Data Science sometimes requires the ability to be able to handle the overlapping of package dependencies in python which can disturb your working environment. Sometimes you might be experimenting with an earlier version of a package (or library) which requires earlier versions of other packages which can cause conflict as legacy code may raise errors or warnigns accordingly due to conflict.
To circumvent these troubling issues that recur and to become good at the craft, let us take a look at using virtual environments. Virtual environments can be characterized as empty places that are isolated from the local source and a place you can install new packages (different versions or whatnot).
Virtual Environments with Anaconda
This part of the tutorial assumes that you have installed Anaconda as your primary installation and that you are using jupyter lab / notebook from it. Anaconda really simplifies package management.
To begin we will first create a virtual environment by relying on the conda command. Remember, you apply these steps either on the Anaconda Prompt or the console!
conda create -n myenv python=3.8
On the code above, myenv is the name of the virtual environment and python- is the version of python you want inside the virtual environment. Now we need to activate the created environment.
conda activate myenv
With this, you activate the virtual environment and any packets / dependencies that you wish can be installed in this virtual environment. If you wish to get out of the virtual environment just type the code below:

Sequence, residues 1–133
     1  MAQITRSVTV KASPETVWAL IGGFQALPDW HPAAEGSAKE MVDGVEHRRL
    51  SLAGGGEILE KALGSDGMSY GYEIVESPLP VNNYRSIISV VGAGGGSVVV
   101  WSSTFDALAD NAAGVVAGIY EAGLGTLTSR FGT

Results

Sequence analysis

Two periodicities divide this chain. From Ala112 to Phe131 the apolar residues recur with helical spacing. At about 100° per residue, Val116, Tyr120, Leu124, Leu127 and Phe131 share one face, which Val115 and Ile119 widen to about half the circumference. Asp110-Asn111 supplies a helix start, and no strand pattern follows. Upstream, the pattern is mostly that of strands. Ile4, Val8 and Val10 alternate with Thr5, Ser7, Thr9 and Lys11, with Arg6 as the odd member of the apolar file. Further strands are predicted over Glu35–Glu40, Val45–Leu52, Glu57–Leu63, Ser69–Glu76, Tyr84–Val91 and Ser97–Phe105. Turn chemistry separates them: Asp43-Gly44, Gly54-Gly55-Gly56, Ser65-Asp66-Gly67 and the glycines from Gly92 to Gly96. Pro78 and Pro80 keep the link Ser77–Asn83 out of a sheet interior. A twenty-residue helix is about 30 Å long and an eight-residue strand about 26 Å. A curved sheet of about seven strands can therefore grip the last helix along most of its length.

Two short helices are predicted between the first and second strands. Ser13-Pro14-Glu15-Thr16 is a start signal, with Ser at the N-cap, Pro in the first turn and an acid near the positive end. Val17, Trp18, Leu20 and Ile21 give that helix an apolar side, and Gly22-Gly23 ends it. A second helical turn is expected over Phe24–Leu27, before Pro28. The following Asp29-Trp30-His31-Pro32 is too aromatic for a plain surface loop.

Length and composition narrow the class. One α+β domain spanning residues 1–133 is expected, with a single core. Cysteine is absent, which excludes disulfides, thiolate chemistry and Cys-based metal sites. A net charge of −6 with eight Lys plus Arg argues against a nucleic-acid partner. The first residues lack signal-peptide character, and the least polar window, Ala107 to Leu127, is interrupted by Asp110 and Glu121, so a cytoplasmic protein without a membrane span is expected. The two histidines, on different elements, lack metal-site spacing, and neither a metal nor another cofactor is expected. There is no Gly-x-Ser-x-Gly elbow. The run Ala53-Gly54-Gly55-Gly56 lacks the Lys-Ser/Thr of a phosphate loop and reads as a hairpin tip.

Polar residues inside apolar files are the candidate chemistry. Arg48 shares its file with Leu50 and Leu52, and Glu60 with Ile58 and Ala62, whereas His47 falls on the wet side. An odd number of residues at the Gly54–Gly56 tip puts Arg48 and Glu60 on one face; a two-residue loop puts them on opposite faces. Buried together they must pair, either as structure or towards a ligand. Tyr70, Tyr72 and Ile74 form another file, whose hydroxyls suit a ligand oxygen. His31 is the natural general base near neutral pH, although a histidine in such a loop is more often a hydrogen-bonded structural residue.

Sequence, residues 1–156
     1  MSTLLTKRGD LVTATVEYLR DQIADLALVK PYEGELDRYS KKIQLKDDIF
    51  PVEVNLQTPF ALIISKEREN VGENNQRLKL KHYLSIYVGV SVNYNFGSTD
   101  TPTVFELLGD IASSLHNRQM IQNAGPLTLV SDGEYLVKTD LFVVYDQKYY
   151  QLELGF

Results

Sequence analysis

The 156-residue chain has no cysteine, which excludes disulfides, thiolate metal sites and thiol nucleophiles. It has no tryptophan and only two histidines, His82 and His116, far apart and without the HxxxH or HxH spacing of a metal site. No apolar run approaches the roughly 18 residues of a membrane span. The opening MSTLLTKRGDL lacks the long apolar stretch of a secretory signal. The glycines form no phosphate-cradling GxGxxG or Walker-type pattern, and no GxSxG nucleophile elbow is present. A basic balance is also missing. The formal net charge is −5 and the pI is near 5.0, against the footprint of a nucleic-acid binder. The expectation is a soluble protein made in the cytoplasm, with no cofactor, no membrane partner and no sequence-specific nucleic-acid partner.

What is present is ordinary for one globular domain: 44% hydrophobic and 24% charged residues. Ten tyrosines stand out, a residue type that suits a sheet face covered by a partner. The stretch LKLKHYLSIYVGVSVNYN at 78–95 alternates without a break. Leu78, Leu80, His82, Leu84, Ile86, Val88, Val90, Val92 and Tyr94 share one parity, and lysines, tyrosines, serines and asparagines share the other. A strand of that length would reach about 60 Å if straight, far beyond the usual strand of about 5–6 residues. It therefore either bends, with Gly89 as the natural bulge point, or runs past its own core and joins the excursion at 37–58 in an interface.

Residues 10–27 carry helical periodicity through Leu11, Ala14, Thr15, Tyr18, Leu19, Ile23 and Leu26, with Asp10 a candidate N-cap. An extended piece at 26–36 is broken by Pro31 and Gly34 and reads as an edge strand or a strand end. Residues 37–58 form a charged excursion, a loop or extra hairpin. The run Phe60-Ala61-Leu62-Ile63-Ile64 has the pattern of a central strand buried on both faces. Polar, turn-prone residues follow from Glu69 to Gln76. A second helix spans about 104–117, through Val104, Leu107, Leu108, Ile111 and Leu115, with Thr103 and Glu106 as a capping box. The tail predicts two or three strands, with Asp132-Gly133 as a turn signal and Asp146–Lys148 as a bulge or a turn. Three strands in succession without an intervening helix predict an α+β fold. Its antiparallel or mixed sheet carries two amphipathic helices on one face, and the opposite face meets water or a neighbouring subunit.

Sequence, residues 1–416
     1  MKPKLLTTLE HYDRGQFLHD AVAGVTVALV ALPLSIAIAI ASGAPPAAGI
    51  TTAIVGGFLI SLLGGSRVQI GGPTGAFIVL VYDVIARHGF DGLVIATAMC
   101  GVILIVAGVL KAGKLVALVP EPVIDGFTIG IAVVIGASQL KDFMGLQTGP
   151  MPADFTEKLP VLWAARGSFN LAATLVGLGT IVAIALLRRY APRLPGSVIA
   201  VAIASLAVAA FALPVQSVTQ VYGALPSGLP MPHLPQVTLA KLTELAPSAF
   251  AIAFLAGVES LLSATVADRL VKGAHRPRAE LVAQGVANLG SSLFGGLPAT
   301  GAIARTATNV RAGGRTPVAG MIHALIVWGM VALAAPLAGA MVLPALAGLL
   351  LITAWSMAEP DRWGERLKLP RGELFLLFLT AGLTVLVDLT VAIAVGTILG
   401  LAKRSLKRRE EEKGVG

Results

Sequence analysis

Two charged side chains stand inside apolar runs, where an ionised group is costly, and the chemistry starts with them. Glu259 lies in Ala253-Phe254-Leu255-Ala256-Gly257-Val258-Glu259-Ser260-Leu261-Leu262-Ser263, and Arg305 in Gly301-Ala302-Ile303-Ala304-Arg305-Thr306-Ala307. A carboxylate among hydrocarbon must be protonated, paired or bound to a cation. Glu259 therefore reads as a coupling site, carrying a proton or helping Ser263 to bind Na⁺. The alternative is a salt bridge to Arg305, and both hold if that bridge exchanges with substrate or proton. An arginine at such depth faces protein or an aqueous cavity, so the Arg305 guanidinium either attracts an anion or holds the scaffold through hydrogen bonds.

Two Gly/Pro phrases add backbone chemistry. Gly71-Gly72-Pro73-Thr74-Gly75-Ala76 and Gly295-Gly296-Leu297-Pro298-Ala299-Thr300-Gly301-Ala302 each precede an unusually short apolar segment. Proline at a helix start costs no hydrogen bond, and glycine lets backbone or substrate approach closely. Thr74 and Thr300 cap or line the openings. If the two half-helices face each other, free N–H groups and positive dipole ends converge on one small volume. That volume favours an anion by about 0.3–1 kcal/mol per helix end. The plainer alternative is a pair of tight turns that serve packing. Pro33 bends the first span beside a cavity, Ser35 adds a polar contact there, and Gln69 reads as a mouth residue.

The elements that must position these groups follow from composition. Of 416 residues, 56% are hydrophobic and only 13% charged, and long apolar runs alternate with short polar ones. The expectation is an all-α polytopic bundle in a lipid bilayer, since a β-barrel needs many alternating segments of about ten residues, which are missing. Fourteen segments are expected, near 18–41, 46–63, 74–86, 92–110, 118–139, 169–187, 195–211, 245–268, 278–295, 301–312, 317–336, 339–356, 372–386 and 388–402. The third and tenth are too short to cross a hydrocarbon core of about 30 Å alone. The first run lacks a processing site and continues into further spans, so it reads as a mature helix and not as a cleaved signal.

You can also check all environments that you have already created in Anaconda by using:
conda env list
and if you would like to remove any of them, you can run the code:
conda env remove -n myenv
For adding new packages you use the following code below after activating your environment:
conda install -n myenv numpy
numpy is an example here. The syntax is
conda install -n [environment name] [package name]
Also for a specific package & version you use:
conda install -n myenv numpy==2.18.4
Great! You are done!
Adding the Virtual Environment in Jupyter Notebook/Lab
When you have created your virtual environment and installed Jupyter Lab or Notebook within the environment, at first Jupyter Notebook (being a standalone application) will not recognise the virtual environment. To set up the connection between the two, after activating your virtual environment run this code:
pip install --user ipykernel
This command has added a package called
ipykernel. Then we can manually add the virtual environment in the Jupyter Notebook. We can use this code:
python -m ipykernel install --user --name=myenv
myenv is the name of the environment we have created. Now all is ready to be used! You can check in the Jupyter Lab interface or when you create a new Jupyter Notebook. You can see it as in below in the launcher now:
Lastly you can remove the virtual environment from Jupyter with:
jupyter kernelspec uninstall myenv